Joel D. Hernandez, MD

Joel D. Hernandez, MD

Nephrology, Prenatal Diagnosis and Treatment

On staff since February 2013

Academic Title: Assistant Professor


  • Kelly Mukilteo, WA 01.07.15

    Our daughter was diagnosed with hemolytic uremic syndrome (HUS) and admitted to Seattle Children's Hospital. She was quickly placed under the care of Dr. Hernandez. He was absolutely amazing to work with during a time of devastation and worry for our family. He explained everything well to our family and always seemed to be one step ahead of the progression of the HUS. We truly believe that Dr. Hernandez and team saved our daughter, and for that, we will always be grateful. We highly recommend him to anyone looking for a personable, knowledgable, and truly skilled physician.

  • K Richland, WA 04.06.14

    Chronic kidney disease at any stage is scary for a parent to face. Fortunately, Dr. Hernandez not only explained the condition in depth for us, he gave us hope for our son's future. We like his treatment approach and appreciate his positive attitude!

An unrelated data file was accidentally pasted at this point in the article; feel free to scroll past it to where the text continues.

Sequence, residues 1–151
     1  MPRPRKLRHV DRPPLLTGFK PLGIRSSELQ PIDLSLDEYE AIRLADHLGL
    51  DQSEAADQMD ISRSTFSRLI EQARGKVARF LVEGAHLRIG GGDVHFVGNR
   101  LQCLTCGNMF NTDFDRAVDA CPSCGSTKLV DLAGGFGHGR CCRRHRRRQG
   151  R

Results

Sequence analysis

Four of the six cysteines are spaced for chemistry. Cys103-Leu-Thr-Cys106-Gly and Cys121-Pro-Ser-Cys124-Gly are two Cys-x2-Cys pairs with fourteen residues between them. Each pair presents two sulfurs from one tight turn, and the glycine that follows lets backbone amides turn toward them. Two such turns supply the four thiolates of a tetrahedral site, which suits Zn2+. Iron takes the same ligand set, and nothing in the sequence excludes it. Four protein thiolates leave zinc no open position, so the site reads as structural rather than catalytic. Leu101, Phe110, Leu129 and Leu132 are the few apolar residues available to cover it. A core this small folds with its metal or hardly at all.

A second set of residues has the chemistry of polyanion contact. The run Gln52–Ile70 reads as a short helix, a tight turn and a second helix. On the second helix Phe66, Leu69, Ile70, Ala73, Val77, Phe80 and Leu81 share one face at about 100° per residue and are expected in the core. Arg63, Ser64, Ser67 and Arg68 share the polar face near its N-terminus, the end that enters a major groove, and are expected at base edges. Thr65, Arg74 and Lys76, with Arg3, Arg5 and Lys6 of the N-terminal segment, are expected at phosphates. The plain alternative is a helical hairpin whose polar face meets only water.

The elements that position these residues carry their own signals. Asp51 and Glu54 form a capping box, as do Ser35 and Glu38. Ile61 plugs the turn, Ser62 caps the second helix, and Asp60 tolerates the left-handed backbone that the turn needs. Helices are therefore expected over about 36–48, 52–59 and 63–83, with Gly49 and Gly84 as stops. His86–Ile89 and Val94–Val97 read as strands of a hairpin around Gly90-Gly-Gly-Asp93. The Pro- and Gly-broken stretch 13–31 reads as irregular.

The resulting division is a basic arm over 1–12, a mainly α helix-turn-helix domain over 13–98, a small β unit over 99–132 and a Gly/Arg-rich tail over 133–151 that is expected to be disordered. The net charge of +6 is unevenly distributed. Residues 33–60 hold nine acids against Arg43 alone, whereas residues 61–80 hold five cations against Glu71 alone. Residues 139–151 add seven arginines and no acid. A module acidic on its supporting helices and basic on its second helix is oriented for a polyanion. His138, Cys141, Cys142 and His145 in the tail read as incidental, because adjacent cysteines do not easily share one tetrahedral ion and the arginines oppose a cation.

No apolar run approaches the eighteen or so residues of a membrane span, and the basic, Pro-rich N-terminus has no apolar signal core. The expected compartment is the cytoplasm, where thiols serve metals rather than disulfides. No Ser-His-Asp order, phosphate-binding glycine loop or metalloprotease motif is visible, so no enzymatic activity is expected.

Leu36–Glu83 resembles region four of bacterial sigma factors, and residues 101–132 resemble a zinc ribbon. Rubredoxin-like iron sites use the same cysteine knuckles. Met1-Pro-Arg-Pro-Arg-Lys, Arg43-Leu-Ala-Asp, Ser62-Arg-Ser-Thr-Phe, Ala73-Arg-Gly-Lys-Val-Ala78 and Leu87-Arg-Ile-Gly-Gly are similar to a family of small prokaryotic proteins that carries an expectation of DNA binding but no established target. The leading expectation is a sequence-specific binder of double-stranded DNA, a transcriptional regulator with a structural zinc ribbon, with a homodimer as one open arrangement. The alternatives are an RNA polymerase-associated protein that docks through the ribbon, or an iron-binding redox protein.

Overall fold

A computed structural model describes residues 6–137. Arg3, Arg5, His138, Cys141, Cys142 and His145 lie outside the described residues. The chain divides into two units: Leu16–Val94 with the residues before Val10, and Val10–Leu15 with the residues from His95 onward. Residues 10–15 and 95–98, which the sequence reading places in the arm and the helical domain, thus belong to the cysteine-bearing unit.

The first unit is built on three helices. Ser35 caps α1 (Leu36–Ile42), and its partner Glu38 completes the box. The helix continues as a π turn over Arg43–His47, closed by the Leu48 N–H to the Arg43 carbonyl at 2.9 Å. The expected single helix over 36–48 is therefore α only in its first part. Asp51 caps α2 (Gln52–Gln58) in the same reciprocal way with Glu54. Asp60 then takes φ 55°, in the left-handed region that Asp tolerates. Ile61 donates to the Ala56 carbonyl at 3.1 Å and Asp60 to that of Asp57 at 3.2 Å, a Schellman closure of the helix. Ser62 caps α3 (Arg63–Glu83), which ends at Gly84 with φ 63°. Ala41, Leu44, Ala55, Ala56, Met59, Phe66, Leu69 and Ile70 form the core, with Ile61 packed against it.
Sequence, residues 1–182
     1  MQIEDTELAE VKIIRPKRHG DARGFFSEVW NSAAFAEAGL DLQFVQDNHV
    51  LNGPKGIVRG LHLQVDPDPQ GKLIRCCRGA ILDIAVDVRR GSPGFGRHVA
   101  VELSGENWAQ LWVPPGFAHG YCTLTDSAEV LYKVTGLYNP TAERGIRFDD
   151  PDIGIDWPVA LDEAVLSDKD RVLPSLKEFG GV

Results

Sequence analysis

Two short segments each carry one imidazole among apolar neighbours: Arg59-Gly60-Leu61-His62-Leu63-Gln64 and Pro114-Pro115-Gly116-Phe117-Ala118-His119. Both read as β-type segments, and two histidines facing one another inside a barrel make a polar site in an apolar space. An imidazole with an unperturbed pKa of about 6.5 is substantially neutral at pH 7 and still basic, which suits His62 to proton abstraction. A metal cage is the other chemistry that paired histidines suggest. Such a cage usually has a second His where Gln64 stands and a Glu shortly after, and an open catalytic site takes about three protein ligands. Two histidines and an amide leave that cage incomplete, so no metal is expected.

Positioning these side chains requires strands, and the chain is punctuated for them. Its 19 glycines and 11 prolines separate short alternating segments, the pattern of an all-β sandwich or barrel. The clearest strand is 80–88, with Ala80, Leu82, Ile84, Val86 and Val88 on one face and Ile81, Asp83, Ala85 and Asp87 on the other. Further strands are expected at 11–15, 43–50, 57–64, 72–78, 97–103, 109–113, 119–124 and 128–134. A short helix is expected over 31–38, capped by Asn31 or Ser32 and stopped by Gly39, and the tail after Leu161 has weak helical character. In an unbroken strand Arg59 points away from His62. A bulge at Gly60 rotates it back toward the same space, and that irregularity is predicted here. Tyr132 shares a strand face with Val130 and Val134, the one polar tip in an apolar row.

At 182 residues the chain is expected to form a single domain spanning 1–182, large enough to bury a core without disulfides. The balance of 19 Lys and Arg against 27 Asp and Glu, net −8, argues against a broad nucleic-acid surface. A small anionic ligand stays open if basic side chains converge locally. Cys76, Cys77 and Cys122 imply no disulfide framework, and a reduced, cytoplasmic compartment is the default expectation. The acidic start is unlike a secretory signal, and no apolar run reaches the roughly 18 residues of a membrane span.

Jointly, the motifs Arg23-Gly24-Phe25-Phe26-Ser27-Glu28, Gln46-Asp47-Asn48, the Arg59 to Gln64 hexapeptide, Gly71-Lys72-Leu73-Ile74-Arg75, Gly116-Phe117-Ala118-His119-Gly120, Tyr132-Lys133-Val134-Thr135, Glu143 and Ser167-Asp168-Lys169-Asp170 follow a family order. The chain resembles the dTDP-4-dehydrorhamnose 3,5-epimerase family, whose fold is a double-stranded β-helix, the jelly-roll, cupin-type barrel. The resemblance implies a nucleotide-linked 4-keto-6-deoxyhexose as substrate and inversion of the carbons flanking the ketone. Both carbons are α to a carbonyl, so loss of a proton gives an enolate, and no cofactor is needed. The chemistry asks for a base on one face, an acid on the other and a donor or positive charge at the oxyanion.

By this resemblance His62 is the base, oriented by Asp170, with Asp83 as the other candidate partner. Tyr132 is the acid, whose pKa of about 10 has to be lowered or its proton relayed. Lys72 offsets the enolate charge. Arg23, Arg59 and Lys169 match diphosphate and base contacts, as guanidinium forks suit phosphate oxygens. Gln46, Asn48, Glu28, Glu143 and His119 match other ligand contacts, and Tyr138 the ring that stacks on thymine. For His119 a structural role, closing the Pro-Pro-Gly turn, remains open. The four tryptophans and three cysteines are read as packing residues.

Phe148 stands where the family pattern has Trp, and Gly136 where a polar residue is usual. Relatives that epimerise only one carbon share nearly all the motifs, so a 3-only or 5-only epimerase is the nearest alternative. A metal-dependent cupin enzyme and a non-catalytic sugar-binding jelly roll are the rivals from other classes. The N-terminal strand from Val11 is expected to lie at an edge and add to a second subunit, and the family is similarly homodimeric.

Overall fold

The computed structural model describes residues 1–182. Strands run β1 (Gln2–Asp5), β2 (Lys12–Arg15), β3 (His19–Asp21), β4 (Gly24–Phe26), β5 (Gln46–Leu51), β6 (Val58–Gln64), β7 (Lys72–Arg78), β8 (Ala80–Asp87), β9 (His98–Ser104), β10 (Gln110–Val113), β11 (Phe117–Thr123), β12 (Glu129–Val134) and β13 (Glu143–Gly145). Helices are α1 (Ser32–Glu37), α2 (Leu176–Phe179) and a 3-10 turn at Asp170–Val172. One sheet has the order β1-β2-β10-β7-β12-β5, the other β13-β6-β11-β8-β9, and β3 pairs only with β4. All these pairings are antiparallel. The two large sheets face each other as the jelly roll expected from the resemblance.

• Shannon Kirkland 09.27.13

    Dr Hernandez is a wonderful doctor and has been kind to our son. I would highly recommend him to anyone dealing with kidney failure with their child. He very caring and compassionate and willing to look outside the box for treatments. The Spokane community was sad to see him go..fortunately, we've moved to now we may get to keep him as our doctor! Yeah!

  • Tricia Sandpoint, Idaho 05.07.13

    Dr. Hernandez is a wonderful Doctor. He is very thorough, competent and kind. I can't thank him enough for the care and knowledge he has given our family.


Board Certification(s)

Pediatric Nephrology

Medical/Professional School

University of the Philippines College of Medicine, Manila


Pediatrics, Children's Hospital of Michigan, Detroit


Pediatric Nephrology, Mattel Children's Hospital - UCLA, Los Angeles

Clinical Interests

General nephrology, hemolytic uremic syndrome and kidney stones

Research Description

Atypical hemolytic uremic syndrome